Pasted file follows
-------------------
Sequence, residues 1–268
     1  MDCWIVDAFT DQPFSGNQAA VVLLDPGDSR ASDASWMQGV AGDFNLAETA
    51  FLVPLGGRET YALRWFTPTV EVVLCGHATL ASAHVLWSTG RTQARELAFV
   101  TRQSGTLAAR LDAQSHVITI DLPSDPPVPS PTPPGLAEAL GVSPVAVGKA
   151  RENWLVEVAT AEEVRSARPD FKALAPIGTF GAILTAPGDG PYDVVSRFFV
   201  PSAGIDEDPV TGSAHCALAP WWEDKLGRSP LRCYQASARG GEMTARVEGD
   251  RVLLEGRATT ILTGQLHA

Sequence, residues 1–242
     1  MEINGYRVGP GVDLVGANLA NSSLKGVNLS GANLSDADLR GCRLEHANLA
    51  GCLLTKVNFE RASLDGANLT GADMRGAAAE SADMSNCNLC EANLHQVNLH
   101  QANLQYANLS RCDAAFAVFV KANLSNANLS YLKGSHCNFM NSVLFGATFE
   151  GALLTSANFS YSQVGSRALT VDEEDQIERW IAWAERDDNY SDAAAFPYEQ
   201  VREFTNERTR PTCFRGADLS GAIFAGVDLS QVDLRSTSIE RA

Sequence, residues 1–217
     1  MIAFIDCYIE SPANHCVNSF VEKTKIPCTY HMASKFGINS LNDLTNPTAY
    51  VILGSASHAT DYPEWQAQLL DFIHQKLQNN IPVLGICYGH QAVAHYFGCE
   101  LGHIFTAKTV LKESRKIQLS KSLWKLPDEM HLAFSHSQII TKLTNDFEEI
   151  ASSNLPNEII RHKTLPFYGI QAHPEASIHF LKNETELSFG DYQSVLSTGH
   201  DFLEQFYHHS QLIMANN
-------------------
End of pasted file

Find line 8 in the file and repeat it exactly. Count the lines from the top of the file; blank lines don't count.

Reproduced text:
Sequence, residues 1–242